For hundreds of thousands of years

the stew in the pot has brewed hatred and resentment

that is difficult to stop.

If you wish to know why there are disasters of armies and weapons in the world,

listen to the piteous cries from the slaughterhouse at midnight.”

-Ancient Chinese Verse translated by Gold Mountain Monastery Staff

An Indian Scientist, Dr. Madan Mohan Bajaj in his book ‘A New Approach’ claims that the slaughtering of innocent animals and their cries before death is responsible for a large number of natural disasters such as Earthquakes e.g. Gadhimai Festival in Nepal in 2014 where over 500,000 head of cattle were slaughtered brutally was followed shortly afterwards by a Nepali Earthquake in April 2015 that killed nearly 9,000 people and injured nearly 22,000.

The daily butchering of thousands of animals continually for several years generates acoustic anisotropy due to Einsteinian Pain Waves (EPW) emitted by dying animals. And the accumulated acoustic anisotropy is found to be related to the stress history of rocks.

The French Buddhist monk Matthieu Ricard in a recent article ‘ A Plea for the Animals’ explains the double standard of humans by use of the expression ‘ Cognitive dissonance ’.” You split your mind. You do terrible things to others including animals and play the role of good father at home on the other”. He says ‘if you keep on being ethically incoherent there is something in you that is not being healthy, that undermines your flourishing. It is not physically and mentally healthy to have this deep incoherence”

Public Policy in Sri Lanka

It is a national shame that the Animal Welfare Bill which the Law Commission released in 2006 is still languishing in the pipeline without any single Political party making a concerted effort to ensure its enactment. Both main rival political camps in the country are fighting shy to better the lives of animals though law reform providing greater protection and care. Animals have no votes and therefore they fail to get into the radar of public policy making except in the instances of commercial exploitation.

We must re – fashion public policy to be animal friendly like in the pre-colonial era. The Mahavamsa and the Chulavamsa provides specific examples of how Sinhala Kings cared for animals worthy of being recorded in historical chronicles as good meritorious deeds.

The concept of Justice in the Sinhala Legal Heritage was much wider than the idea of Justice rooted in the western legal tradition because it included protection of animals not only from mere cruelty.

The challenge we face is to revive Buddhist values that save lives. The view that animals are there to serve human ends even at the expense of their lives is not part of Buddhist teaching.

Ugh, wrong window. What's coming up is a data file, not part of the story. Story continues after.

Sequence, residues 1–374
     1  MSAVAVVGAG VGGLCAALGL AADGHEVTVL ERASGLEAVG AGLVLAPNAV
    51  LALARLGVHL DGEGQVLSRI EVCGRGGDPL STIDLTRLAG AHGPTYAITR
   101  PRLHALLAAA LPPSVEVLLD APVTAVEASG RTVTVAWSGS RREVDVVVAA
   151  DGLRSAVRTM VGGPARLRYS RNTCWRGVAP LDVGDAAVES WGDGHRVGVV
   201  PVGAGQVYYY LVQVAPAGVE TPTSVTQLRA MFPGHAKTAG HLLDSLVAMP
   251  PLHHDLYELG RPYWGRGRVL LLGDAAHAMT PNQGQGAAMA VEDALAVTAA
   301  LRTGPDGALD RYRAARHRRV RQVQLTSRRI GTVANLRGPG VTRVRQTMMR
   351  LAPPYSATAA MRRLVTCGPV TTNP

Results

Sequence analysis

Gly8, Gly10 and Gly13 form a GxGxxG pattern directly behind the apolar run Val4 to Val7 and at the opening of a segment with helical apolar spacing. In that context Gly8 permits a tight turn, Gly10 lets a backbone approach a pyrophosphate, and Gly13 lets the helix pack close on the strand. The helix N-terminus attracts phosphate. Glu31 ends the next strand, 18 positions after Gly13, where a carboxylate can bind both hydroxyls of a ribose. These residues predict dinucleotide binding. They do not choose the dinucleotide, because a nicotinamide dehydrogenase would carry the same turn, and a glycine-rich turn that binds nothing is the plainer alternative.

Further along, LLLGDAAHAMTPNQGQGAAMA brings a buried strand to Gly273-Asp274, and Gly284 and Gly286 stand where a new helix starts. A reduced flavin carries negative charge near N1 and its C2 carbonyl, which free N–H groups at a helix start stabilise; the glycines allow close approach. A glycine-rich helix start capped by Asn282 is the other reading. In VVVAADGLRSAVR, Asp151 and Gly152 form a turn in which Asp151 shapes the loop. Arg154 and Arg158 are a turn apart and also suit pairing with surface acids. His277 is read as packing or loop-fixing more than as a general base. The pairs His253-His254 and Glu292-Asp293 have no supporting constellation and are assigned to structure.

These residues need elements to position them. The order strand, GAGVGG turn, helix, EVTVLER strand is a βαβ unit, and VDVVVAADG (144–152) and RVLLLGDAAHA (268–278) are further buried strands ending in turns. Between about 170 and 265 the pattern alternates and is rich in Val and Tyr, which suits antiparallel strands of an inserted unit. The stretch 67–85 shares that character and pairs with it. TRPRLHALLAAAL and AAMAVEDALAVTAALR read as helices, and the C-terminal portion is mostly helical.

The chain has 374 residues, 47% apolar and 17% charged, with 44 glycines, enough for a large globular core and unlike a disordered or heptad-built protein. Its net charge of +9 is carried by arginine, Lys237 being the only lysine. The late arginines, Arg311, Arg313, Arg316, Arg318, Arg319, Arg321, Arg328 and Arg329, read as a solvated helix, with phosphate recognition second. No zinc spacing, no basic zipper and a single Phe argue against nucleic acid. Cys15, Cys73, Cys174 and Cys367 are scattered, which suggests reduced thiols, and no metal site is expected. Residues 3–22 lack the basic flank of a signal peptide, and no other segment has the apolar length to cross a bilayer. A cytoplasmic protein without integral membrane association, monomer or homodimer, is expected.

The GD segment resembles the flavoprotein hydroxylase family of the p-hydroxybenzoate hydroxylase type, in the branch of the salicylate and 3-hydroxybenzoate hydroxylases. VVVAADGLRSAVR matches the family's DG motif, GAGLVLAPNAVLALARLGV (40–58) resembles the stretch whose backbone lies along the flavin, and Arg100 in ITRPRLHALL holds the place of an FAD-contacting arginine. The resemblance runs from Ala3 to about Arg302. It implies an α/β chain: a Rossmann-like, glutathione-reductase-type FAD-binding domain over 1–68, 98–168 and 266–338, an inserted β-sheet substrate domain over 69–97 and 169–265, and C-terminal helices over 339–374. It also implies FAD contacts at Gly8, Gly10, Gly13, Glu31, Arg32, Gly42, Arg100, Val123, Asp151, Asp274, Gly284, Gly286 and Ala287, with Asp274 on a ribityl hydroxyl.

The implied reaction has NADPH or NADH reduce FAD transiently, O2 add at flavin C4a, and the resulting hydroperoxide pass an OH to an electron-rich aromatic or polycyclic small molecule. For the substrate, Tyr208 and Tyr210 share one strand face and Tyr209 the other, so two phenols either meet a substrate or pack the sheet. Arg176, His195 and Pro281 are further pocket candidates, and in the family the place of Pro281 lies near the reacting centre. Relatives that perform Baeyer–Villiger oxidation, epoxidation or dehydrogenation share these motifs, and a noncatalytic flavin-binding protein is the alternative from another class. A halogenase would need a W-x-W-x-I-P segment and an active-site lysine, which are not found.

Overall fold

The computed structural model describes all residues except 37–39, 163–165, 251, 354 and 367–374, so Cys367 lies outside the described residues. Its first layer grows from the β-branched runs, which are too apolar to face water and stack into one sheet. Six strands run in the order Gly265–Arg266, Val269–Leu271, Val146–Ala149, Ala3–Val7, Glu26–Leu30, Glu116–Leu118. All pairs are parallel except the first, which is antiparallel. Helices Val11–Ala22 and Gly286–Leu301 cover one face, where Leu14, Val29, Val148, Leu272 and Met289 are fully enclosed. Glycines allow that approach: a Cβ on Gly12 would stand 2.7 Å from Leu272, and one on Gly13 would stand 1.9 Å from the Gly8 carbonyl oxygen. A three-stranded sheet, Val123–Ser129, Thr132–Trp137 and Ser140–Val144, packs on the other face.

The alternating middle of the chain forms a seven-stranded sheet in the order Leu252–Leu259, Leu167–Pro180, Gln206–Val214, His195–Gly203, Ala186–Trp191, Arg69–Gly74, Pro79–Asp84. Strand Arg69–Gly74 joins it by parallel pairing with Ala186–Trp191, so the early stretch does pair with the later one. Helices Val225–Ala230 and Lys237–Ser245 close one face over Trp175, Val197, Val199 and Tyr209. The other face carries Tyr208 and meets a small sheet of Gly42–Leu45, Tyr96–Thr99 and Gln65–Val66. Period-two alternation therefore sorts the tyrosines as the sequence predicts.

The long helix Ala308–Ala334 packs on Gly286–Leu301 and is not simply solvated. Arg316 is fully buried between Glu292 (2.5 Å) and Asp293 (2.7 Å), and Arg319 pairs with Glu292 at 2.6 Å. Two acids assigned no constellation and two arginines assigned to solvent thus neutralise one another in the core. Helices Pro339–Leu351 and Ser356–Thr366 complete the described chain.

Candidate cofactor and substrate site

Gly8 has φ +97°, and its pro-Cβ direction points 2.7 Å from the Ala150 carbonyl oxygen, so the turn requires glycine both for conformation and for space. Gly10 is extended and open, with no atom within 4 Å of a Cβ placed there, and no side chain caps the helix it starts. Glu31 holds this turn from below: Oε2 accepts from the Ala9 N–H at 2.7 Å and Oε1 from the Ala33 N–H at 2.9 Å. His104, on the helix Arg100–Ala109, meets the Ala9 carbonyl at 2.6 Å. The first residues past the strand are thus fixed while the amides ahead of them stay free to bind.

Heavy emphasis is placed on the idea of Reconciliation. It is the Buzz word. Why should it be confined to members of only one species? Ideally speaking Reconciliation in a Buddhistic sense must apply across the Board. Humans have been engaged in wrong doing since time memorial to other species. The least we can do is to apologise to them in the form of a catharsis though their lives cannot be restored. We are today still struggling to achieve accountability for wrongs done to various groups by more powerful forces by way of intra – species accountability. The day is not far off when there will be calls for inter – species accountability as part of ethical co – herence.

Bar Association of Sri Lanka

The legal profession especially in Sri Lanka must become proactive in the animal rights field. A life of an animal is dear to it as much as it is to us humans. It is not only a moral or ethical issue. It is also very much a Justice issue. Animals are the most inhumanely treated and victimized members of our moral community.

No lawyer worth his salt can deny this plain simple fact. To do otherwise is to draw attention to one’s insensitivity towards others or lack of a true sense of justice.

I call on the Bar Association of Sri Lanka to join us in demanding the enactment of the Animal Welfare Bill. Its deafening silence on Animal related issues including inhumane killing of stray dogs does no good to its overall image. The world is changing to accommodate animals even in national constitutions. Sri Lanka too must march forward with the times.

Public commissions of Inquiry are established at the drop of a hat in Sri Lanka to probe every conceivable alleged wrong doing except in the case of heinous crimes committed on animals e.g. slaughter houses, ritual slaughter, home slaughter, animal sacrifice and the like. The crimes perpetrated against animals live in the black hole of our collective amnesia unable to awaken our moral conscience.

Religious Festivals should be slaughter free

The screams of animals being slaughtered under most primitive unregulated conditions and in the backyards of homes during times of religious festivals go unheard and unnoticed in the corridors of power of this pre-dominantly Buddhist country. In England home slaughter is banned. Ritual slaughter is regulated and required to be performed only in registered abattoirs by skilled persons carrying a certificate. Women and children sometimes carrying blunt knives are prohibited from slaughtering animals in the backyards of their homes in England as part of ritual animal sacrifice.